Film Review: Shrek Ever After

Shrek Forever After is the fourth film in the ogre starring fantasy series from Dreamworks and according to the marketing material the final film in the series. It is quite sad witnessing the transformation of the once witty and enjoyable series from a fantastical romp in fairytale land for both children and adults alike to an unfunny and at times desperate feeling film.

Sure Shrek has all the trappings that made its past films such successes. It has Mike Myers in the roll of the grumpy green ogre, Shrek. It has Eddie Murphy returning to his talking ass routine as Donkey. It has Cameron Diaz, Antonio Banderas, Julie Andrews and John Cleese all returning to fill their famous roles but much like the third film in the series, Shrek Forever After is just missing the heart that the first two films in the series had.

In this fourth, and hopefully final installment, Shrek is having something of a midlife crisis. His life has become formulaic and in a moment of weakness he, being the ogre he is, signs over his existence for just one day feeling like a real ogre, like the old days. He does so to Rumpelstiltskin, who has eyes on ruling Far Far Away, and Shrek’s task this time around is to set things right by convincing Fiona, now a warrior princess to love him all over again, ultimately destroying Rumpel’s plans.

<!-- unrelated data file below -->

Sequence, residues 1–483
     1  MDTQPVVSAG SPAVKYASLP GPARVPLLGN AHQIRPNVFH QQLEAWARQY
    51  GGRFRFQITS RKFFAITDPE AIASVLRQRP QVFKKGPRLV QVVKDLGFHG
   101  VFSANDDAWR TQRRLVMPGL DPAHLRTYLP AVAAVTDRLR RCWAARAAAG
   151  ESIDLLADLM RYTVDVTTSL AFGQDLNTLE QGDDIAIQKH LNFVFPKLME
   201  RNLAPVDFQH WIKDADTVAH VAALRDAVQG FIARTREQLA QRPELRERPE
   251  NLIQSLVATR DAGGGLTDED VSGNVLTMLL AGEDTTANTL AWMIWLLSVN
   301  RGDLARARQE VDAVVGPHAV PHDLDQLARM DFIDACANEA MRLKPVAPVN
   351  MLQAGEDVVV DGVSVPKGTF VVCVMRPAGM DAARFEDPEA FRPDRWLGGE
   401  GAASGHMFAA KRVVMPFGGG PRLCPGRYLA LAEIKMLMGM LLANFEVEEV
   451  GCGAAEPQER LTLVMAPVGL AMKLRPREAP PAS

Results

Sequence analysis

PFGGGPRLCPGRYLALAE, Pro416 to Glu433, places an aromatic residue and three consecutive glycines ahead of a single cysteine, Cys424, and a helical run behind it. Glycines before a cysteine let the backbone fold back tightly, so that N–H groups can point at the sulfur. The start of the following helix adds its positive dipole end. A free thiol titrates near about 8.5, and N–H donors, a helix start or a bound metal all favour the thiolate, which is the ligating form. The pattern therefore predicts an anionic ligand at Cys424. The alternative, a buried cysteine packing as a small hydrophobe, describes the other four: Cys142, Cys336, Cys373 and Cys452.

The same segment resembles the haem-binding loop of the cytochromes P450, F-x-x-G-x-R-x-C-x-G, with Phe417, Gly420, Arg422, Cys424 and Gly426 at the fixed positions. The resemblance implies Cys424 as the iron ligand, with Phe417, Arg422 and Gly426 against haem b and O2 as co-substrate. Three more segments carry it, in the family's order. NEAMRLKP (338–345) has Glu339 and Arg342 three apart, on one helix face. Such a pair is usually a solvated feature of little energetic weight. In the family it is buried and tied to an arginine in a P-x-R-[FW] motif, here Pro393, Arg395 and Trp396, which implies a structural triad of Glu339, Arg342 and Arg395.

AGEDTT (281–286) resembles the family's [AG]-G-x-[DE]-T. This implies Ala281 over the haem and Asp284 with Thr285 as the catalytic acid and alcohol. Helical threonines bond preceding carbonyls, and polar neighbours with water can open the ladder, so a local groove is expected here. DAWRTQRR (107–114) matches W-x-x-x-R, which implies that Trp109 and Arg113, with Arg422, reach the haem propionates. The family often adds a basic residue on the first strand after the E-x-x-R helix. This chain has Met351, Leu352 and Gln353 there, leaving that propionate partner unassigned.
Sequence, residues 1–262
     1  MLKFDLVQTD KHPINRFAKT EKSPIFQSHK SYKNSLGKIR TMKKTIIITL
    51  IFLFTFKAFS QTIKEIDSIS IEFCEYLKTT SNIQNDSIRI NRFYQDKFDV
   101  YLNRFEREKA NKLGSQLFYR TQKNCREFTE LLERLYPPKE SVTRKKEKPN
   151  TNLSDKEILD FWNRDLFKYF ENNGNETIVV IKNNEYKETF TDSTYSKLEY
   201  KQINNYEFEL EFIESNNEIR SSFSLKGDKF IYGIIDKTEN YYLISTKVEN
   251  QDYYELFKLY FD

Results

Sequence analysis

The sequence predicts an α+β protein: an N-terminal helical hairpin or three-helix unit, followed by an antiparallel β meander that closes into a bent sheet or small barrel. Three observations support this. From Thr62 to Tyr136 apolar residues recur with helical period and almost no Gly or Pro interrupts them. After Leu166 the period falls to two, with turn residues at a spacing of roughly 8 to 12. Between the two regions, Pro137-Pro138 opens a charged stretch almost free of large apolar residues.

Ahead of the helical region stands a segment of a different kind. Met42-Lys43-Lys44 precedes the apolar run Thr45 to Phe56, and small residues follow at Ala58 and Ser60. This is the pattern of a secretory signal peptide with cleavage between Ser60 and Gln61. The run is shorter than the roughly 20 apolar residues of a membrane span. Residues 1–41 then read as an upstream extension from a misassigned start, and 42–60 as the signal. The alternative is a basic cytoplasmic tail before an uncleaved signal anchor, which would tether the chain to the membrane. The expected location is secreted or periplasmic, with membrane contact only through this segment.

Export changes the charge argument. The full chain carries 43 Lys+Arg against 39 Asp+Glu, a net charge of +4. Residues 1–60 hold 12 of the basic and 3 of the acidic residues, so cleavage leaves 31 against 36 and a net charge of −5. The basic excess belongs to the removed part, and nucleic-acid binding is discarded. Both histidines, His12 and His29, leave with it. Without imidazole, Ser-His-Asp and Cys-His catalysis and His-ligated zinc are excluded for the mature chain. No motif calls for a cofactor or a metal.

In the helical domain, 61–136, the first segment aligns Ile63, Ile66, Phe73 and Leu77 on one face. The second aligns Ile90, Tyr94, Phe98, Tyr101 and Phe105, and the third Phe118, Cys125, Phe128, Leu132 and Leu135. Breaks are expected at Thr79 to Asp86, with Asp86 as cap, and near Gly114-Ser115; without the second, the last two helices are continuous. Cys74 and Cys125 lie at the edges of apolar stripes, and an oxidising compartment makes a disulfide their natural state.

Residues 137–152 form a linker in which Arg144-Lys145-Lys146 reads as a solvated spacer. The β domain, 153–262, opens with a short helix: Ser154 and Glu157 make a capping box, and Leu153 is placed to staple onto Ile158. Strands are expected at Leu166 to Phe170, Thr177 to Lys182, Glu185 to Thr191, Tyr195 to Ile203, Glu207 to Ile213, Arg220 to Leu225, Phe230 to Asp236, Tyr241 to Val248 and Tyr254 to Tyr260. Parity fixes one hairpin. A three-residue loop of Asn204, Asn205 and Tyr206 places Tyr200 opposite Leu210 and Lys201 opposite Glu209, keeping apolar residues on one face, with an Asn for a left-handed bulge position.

The premise in itself should work but instead of trying to do something new with the characters, the story directs them in a purely unoriginal direction, complete with tired jokes. Despite running only 93 minutes long, Shrek Forever After feels long and while watching it I kept feeling that I had seen this all before. And most of it I have seen before.

The film does have a couple saving graces. The film looks great. The animation is spot on and with Shrek Forever After, Dreamworks has delivered the best looking Shrek to date. But it is the ending that shines the most. The dialogue spoken between Shrek and Fiona during the ending sequence is heart-warming and tear inducing but sadly to get to this you have to sit through nearly 90 minutes of unoriginal and unfunny material.

Ultimately the film failed to entertain me in anyway shape or form but worst of all it failed to entertain my youngest daughter, who at two is showing the makings of a critic. As we were leaving the theater she looked up to me and said, “Daddy, that was not a very good movie”. Sweetheart, I wholeheartedly agree.

2 out of 5.


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